Chapter Solar Energy

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Enthusiasts for solar power need to be reminded that, through its role in photosynthesis and in powering the atmosphere, the Sun is already our primary source of renewable energy. Or to put it another way solar photons convert naturally into chemical fuel and heat.1 Photosynthesis yields biomass which can serve as fuel and food and it creates ATP, the main source of energy for living things and thus their muscles. In the process it liberates the oxygen required by most kinds of combustion Solar heat sets up the differences in temperature and pressure that propel wind and waves; and by providing rainfall and melting snow it generates the mechanical energy that drives water mills and their hydroelectric successors.

The only significant non-solar sources of energy are the tides (the Sun, though undoubtedly much larger than the Moon, is so distant that its pull is only half as strong as the Moon's), geothermal heat - heat from the Earth's interior - and nuclear power. An estimate by the International Energy Agency put their respective contributions to global energy consumption in 2006 at a pathetic 0.0004% for tidal power, 0.06% for wind and a thousand times more but still only 0.4% for geothermal. Nuclear accounted for 6.5%.

Yet as a direct source of energy the Sun contributed only 0.04%.The figure probably underestimates current use, especially as many consumers of solar energy are found in isolated locations, such as cattle ranches and the Space Station, where power generation on a small scale makes sense; but not by much.

What further scope is there for solar power? There are two main techniques for trapping the sun's rays: by using them as a source of heat and by converting the radiation into electricity. As with the solar constant the analysis is best expressed in the unit familiar to all electricity consumers: the watt (W) and its metered equivalent the kilowatt hour (kWh). A 60 W bulb burning for 17 h uses just over 1 kWh (60 x 17 = 1,020 W). Large units are usually expressed in megawatts or MW (that is to say 1,000 kW) and the corresponding megawatt hours (MWh).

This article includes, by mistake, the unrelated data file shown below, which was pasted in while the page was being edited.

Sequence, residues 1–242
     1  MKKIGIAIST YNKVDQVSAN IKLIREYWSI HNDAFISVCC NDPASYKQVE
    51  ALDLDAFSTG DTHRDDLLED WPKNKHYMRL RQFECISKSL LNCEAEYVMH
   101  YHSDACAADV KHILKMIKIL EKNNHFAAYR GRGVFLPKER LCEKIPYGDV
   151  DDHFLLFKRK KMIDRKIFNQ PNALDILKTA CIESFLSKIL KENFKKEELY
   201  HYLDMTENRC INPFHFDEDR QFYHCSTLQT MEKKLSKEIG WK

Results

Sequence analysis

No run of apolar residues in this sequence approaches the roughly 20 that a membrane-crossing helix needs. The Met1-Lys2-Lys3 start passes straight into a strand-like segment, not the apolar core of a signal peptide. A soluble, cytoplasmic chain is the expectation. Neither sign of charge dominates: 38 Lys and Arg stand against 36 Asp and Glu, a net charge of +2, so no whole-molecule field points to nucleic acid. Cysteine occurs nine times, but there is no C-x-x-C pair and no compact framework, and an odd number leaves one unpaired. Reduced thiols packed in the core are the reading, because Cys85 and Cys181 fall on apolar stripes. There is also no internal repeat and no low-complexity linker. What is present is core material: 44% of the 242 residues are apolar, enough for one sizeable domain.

On an average day the Sun delivers the equivalent of about 1.4 kW per square metre (m2) at the top of the Earth's atmosphere. The quantity used to be called the solar constant but, as we saw in Chapter 3, it varies during the 11-year cycle and, though fairly steady during the year near the Tropics, it will fall close to zero during winter at the poles and of course everywhere at night. About 8/10 of this wattage is lost on its way to the ground because it is reflected by clouds or absorbed by gases

C. Vita-Finzi, The Sun: A User's Manual, 121

doi: 10.1007/978-1-4020-6881-2_8, © Springer Science + Business Media B.V. 2008

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Fig. 8.1 Area required to meet electricity needs of the EU and the World in 2007 using solar thermal power plants (after www.desertec.org/fullneed.html)

in the atmosphere. Even so, the total solar energy that reaches the Earth's land areas in 1 day totals 2,000 times the energy consumed by humans during a whole year. The annual energy receipts for the Sahara are 2,500 kWh per m2. In NW Europe the figure is nearer 900 kWh/m2. As Isaac Asimov puts it, solar energy is copious but dilute (Fig. 8.1).

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